The City of Chula Vista has agreed to pay a former employee $400,000 to settle a sexual harassment claim against a current employee.
According to court documents, Mariana Garcia filed to dismiss the case due to a settlement having been reached on February 16. Garcia filed her lawsuit on March 2 of last year.
According to the complaint, Garcia began as an intern in the city's Economic Development Department in September 2013. She was hired on full-time in January of the following year.
Not long after starting at the city, Garcia met Alejandro Ruiz Velasco, a conservation specialist. In November 2013, Velasco began asking Garcia out to lunch. Garcia repeatedly refused the invitations. Velasco allegedly began telling Garcia that he wanted to wake up next to her and that she was beautiful.
In January 2015 the emails began. Velasco reportedly would ask her about her personal life. He wanted to know the type of men she liked. He later referenced how he craved a woman's genitalia.
The following year, Garcia told Velasco that she was not interested and would never be interested in dating him. One month later Velasco's supervisor Lynn France wanted to meet with Garcia. At the meeting she told Garcia that other employees had accused her of sexually harassing them.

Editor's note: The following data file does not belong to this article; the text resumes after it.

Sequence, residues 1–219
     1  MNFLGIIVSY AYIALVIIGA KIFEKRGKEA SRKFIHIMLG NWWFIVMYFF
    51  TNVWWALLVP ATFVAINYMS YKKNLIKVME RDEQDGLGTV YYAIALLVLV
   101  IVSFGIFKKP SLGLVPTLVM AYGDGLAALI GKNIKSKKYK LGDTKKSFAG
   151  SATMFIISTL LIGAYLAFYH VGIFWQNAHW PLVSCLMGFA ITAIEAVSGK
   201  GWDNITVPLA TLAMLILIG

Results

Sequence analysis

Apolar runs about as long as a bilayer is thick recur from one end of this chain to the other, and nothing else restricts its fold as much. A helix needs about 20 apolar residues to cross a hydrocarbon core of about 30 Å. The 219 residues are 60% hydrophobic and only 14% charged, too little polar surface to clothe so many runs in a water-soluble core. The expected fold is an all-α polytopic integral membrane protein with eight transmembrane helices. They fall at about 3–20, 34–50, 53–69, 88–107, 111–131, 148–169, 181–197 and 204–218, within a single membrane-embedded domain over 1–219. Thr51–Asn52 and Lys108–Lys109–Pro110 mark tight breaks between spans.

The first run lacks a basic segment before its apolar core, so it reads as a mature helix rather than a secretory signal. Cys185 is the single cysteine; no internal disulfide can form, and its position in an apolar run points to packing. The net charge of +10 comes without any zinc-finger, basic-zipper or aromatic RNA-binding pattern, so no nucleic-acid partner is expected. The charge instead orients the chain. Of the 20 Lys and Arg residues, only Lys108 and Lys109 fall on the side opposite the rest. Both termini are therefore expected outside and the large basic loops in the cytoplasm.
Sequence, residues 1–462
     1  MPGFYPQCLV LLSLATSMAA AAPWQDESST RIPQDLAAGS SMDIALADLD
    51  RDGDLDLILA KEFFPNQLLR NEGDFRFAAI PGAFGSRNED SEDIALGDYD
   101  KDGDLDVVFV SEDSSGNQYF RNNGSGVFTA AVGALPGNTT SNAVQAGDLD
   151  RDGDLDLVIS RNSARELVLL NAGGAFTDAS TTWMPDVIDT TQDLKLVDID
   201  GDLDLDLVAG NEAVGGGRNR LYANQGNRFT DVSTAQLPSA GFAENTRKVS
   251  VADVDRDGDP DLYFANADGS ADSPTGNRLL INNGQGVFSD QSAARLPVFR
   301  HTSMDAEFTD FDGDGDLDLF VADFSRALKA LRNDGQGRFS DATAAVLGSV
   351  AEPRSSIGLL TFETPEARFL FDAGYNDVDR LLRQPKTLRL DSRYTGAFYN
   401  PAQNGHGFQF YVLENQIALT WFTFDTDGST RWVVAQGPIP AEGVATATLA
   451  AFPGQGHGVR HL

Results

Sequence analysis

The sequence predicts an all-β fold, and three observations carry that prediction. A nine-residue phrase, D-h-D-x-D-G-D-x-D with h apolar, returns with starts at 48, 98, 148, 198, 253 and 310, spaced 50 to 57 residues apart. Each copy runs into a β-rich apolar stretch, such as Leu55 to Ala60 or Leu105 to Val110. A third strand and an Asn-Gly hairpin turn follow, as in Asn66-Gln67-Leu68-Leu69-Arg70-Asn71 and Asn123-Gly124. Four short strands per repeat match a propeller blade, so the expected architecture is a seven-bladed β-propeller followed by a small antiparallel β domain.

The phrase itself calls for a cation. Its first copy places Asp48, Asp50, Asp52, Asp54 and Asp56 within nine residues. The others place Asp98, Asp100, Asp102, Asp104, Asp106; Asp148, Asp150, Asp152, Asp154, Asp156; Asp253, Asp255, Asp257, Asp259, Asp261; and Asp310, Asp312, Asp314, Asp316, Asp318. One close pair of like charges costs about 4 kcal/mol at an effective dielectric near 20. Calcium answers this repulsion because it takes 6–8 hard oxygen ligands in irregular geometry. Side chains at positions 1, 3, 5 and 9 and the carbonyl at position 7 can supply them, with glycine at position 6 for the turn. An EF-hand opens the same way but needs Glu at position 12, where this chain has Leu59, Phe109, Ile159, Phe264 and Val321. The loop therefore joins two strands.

Garcia then began compiling emails and other evidence of Velasco's harassment. She went to the city's human resources department to file a complaint and show them the emails.
The city responded by transferring her to another department temporarily. Velasco was not disciplined. Garcia has since quit her job.
Garcia's attorney, Dan Gilleon, confirmed the settlement as well as the amount.
Chula Vista's city attorney's office provided the following statement on the settlement:
“As with all cases, the city takes the allegations seriously. The city has a discrimination and sexual harassment policy in place, which it strictly enforces. In addition, city employees are expected to comply with all state and federal laws regarding discrimination and harassment.”
The city also confirmed that Velasco is still employed as a conservation specialist for the city.